SANE: ViSual ANalytics for Event-based Diffusion on Networks


Pandemics, computer malware attacks, misinformation campaigns – all of these phenomena have one thing in common: some kind of “information” (a pathogen, a virus, fake news) that spreads across an underlying structure of elements interconnected between each other by some kind of relationship (physical contacts, public WiFi, social networks). In Computer Science, such structures are known as graphs or networks – and have been extensively researched. Within this formalization, the phenomena described above are referred to as diffusion processes, and their dynamics have been studied and researched to obtain models that allow researchers and institutions predict, mitigate, and generally understand such complex events. Visual Analytics (VA) showed its potential in communicating and investigating information diffusion processes over networks. Diffusion processes are highly dynamic and stochastic phenomena. To this end, VA needs to tackle two challenges: representing the progression on the underlying dynamic network structure and capturing the uncertainty of the process. The majority of existing VA approaches approximate the problem by imposing a discrete time structure to the input data and disregarding uncertainties. 

By focusing on the real-time coordinates of the individual propagation events (hence, event-based), we better approximate real-world interactions, improving confidence in the analysis and prediction results. However, this greatly increases the complexity of the problem from both an algorithmic and methodological perspective, and requires a revision of the existing paradigms for the representation of event-based uncertain networks. We call this problem “VA of Event-based Information Diffusion with Uncertainty”. We aim to (i) provide a data-task characterization of the information diffusion domain in VA with a typology of the representation of uncertainty on event-based networks, (ii) contribute the current state-of-the-art of temporal graph layout algorithms to improve their accessibility and introduce specific layout strategies to let the underlying diffusion process to shape the final network representation, and (iii) establish a seamless workflow for the visualization of event-based diffusion processes, to serve as a common ground and inspiration for further research in this field.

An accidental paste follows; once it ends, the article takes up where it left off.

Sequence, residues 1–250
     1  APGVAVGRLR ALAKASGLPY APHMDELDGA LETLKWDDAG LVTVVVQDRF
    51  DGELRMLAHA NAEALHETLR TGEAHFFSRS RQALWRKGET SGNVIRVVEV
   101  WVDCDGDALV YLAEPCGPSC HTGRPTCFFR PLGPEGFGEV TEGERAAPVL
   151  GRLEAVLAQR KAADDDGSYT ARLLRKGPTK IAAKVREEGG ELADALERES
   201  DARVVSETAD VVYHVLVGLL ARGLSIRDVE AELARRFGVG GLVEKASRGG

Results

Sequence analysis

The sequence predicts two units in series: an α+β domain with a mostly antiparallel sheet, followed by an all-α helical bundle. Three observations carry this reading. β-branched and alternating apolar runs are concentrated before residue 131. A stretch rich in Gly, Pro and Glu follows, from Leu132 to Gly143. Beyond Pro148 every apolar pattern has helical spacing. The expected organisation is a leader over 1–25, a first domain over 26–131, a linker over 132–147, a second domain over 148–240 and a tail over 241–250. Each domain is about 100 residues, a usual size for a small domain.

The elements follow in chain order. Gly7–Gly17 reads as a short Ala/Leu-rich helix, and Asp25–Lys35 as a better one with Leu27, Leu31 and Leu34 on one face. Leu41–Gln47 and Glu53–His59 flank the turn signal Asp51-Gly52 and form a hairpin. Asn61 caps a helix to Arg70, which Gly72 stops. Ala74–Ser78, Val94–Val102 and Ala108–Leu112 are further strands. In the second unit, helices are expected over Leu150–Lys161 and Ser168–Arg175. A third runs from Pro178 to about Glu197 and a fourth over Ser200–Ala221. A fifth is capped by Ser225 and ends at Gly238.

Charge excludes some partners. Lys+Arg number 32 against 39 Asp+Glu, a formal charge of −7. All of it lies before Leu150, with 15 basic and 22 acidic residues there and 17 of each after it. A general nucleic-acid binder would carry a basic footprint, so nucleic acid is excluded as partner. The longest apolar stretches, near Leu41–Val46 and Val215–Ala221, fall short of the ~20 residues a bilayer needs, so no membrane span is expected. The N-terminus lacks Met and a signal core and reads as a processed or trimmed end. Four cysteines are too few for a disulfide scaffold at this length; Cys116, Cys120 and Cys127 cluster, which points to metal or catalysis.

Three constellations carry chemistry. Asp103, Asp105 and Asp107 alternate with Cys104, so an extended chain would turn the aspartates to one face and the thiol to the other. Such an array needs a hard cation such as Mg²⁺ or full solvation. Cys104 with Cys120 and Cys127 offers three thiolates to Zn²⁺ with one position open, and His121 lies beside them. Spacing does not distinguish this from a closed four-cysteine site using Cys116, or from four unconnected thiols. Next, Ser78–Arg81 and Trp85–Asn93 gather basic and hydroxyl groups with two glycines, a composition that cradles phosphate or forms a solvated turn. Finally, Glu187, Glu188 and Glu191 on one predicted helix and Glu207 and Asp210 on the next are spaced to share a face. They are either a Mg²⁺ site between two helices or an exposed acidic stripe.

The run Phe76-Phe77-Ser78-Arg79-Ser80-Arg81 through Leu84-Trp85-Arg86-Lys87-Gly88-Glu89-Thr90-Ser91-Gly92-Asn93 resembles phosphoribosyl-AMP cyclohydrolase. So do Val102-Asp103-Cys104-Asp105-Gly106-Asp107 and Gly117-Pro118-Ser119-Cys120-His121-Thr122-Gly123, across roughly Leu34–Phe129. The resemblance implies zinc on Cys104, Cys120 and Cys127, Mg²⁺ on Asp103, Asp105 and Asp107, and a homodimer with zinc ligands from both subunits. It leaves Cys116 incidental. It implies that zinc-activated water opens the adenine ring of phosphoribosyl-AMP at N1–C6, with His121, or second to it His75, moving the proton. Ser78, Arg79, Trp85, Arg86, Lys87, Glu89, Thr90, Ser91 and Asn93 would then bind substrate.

We strive to be among the first to systematically explore the design space of VA for event-based information diffusion with uncertainty. We investigate promising but currently under-represented research trends in VA with innovative solutions and approaches, to contribute to the current body of knowledge in the field and open new and exciting research questions.


TU Vienna:

  • Dr. Alessio Arleo (PI)
  • Prof. Silvia Miksch (Co-PI)
  • Velitchko Filipov (Post-doc)
  • Sandhya Rajendran (PhD Candidate)
  • Michaela Tuscher (PhD Candidate)

University of Cologne (DE):

  • Prof. Tatiana von Landesberger (Partner Agency Leader)
  • Dr. Max Sondag (External Collaborator)
  • Tom Baumgartl (PhD candidate)

University of Newcastle (UK):

  • Prof. Daniel Archambault (External Collaborator)
Project Partners
  • University of Cologne
  • University of Newcastle




Austrian Science Fund (FWF), grant [I 6635] ; Grant-DOI [10.55776/I6635]


For information, contact:

  • Alessio Arleo, a [.] arleo [at] tue [.] nl

We strive to systematically characterize the topic in the visualization research community, developing a common framework to foster research in the area. We will then employ such framework to introduce and refine prototypes to analyze real data about diffusion phenomena, improving current algorithmic solutions, and sharing best practices and lessons learned throughout the project duration.